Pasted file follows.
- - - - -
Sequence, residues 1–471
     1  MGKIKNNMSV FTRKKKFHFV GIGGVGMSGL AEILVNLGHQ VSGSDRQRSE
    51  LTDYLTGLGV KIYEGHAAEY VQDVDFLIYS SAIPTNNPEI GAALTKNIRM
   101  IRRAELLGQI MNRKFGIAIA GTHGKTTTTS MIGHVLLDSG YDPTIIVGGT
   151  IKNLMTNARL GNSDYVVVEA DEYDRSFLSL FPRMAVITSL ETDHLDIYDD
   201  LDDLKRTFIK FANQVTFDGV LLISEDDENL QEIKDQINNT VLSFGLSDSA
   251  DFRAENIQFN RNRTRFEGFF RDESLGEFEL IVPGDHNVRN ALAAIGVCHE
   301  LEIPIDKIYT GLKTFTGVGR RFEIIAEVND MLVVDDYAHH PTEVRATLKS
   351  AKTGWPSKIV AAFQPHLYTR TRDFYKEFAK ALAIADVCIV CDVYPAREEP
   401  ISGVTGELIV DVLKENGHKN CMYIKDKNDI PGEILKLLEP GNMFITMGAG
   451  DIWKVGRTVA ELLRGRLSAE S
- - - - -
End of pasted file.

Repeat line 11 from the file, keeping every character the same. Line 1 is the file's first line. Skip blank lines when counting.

   451  DIWKVGRTVA ELLRGRLSAE S